See now that's one of the misconceptions. ANNs are not modelled on the brain,
not anymore and not ever since the poor single-layer Perceptron which itself was
modelled after an early model of neuronal activation. What ANNs really are is
algorithms for optimising systems of functions. And that includes things like
Support Vector Machines and Radial Basis Function networks that don't even fit
in the usual multi-layer network diagram particularly well.
It's unfortunate that this sort of language and imagery is still used
abundantly, by people who should know better no less, but I guess "it's an
artificial brain" sounds more magical than "it's function optimisation". You
shouldn't let it mislead you though.
>> Taking a position that neural networks cannot ever result in strong AI is as blind as taking a position that they must.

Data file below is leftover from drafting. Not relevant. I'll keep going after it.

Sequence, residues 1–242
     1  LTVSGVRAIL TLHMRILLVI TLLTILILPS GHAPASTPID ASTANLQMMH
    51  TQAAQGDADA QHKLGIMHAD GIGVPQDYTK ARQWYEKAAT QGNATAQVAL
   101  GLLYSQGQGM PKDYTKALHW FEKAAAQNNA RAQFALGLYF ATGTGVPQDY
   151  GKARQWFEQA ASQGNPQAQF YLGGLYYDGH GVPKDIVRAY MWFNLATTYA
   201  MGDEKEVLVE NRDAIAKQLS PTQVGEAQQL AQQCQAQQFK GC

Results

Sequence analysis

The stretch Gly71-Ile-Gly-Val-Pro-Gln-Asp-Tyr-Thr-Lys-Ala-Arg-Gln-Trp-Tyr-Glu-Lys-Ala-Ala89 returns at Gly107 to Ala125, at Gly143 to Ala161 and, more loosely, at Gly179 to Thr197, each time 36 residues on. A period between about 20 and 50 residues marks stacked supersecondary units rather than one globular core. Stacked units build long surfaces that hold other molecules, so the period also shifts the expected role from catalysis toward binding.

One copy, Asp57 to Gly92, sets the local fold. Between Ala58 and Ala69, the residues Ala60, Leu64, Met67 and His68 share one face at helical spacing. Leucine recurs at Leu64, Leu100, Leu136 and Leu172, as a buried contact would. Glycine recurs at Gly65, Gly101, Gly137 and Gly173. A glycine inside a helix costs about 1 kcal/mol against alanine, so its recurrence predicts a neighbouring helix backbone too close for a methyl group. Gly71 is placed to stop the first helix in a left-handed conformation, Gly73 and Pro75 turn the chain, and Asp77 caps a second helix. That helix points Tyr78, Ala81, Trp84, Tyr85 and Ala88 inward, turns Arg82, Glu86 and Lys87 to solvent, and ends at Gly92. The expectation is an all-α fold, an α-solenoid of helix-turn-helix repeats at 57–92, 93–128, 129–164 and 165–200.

I don't agree. It's a subject that's informed by a solid understanding of the
fundamental concepts - function optimisation, again. There's uncertainty because
there's theoretical limits that are hard to test, frex the fact that multi-layer
perceptrons with three neural layers can learn any function given a sufficient
number of inputs, or on the opposite side, that non-finite languages are _not_
learnable in the limit (not ANN-specific but limiting what any algorithm can
learn) etc. But the arguments on either side are, well, arguments. Nobody is
being "blind". People defend their ideas, is all.